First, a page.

One of the latest additions to the eminent International Critical Commentary series is this joint production of J. Goldingay and D. Payne. In the preface, the authors lay out briefly the long history of the ICC’s delay in publishing a complete commentary on the book of Isaiah, and describe the process with which they worked: Payne is primarily responsible for the textual and philological notes, while Goldingay produced the bulk of the explicitly exegetical work and the lengthy introduction . . . The two authors have succeeded, independently in their respective tasks and jointly through their interaction, in producing a detailed and ultimately quite judicious commentary on the 16 chapters of the book of Isaiah normally taken to be a literary unit within this corpus . . . In form and content these two volumes are a fitting addition to the ICC, and . . . are sure to provide a solid foundation for planned volumes on the remaining chapters.

—Jeremy M. Hutton, assistant professor, department of Hebrew and Semitic studies, University of Wisconsin-Madison

John Goldingay is David Allan Hubbard Professor of Old Testament at Fuller Theological Seminary, Pasadena, California, and formerly principal of St John’s Theological College, Nottingham, United Kingdom. He has written numerous commentaries, including Psalms (3 vols.) in the Baker Commentary on the Old Testament Wisdom and Psalms, Isaiah in the Understanding the Bible Commentary Series, and Daniel in the Word Biblical Commentary series.

David Payne was director of studies at London School of Theology (London Bible College).

Isaiah 40–55, vol. 2

  • Authors: John Goldingay and David Payne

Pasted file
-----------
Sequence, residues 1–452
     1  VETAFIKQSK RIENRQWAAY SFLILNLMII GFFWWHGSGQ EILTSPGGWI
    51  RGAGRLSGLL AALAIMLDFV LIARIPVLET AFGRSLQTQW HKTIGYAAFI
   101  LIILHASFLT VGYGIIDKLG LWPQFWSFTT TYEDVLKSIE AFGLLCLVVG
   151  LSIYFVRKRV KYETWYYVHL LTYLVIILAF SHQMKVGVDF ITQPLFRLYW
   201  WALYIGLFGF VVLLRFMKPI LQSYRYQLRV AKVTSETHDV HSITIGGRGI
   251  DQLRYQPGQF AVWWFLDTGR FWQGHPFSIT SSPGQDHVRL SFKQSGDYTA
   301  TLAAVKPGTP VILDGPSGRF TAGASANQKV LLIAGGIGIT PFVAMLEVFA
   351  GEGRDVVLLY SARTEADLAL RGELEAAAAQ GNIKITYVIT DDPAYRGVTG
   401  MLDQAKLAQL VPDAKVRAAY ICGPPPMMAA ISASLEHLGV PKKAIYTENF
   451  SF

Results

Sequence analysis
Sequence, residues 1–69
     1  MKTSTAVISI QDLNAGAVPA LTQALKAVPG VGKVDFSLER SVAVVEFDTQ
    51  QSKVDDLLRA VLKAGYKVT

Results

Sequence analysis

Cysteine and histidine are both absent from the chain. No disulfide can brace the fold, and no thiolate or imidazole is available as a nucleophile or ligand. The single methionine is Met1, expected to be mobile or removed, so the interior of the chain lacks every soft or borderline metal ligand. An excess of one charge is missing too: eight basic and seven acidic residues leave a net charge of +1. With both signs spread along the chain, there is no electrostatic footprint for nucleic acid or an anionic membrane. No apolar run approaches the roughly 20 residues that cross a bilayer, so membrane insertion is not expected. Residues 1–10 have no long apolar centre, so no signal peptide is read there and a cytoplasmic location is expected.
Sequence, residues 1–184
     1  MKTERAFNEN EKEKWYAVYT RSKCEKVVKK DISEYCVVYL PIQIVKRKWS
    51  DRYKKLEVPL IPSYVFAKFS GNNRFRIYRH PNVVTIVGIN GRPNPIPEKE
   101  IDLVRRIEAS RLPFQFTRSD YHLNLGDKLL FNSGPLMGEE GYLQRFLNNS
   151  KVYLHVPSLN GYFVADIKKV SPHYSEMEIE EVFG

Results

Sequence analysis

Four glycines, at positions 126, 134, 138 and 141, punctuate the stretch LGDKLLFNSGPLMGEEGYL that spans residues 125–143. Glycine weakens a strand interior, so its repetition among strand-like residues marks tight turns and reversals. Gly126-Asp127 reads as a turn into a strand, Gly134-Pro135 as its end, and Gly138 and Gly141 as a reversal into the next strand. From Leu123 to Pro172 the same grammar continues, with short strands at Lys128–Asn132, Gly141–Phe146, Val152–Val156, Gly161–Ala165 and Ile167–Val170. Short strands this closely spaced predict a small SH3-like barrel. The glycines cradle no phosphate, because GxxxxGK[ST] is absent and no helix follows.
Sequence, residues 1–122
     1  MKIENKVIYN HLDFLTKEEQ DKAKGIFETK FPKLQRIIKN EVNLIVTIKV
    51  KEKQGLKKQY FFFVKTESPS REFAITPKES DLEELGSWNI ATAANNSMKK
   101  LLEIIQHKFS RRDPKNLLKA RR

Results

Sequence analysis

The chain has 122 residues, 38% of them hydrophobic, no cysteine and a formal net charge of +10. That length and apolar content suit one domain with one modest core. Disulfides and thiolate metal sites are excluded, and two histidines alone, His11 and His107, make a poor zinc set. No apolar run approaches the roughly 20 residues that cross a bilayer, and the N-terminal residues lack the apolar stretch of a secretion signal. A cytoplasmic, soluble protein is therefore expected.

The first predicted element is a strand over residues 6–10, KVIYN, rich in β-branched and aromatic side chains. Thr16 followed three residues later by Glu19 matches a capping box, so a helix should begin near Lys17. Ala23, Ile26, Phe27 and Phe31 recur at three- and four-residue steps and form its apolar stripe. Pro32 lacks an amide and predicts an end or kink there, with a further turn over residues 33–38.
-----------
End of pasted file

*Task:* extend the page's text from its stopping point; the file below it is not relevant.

• Series: International Critical Commentary
  • Publisher: T&T Clark
  • Publication Date: 2006
  • Pages: 392

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Scholars and serious students will be enriched as they carefully work through this study.

Dianne Bergant, distinguished professor of Old Testament studies, Catholic Theological Union

The commentary constitutes a detailed exegetical discussion, including interaction with ancient and medieval Jewish and Christian sources as well as modern commentators. Although interpreters will invariably find much to challenge, this highly detailed commentary presents a very useful resource to interpreters of Isaiah 40–55.

Marvin A. Sweeney, professor of Hebrew Bible, Claremont School of Theology

Isaiah 40–55 is unusually challenging on both the macro and micro levels. To combine literary sensibilities with traditional textual and historical methods is challenging as well. These informative, careful, and copiously researched volumes respectably fill a long-felt gap and will surely be sought as important reference works in the study of Isaiah for decades to come.

Interpretation

One of the latest additions to the eminent International Critical Commentary series is this joint production of J. Goldingay and D. Payne. In the preface, the authors lay out briefly the long history of the ICC’s delay in publishing a complete commentary on the book of Isaiah, and describe the process with which they worked: Payne is primarily responsible for the textual and philological notes, while Goldingay produced the bulk of the explicitly exegetical work and the lengthy introduction . . . The two authors have succeeded, independently in their respective tasks and jointly through their interaction, in producing a detailed and ultimately quite judicious commentary on the 16 chapters of the book of Isaiah normally taken to be a literary unit within this corpus . . . In form and content these two volumes are a fitting addition to the ICC, and . . . are sure to provide a solid foundation for planned volumes on the remaining chapters.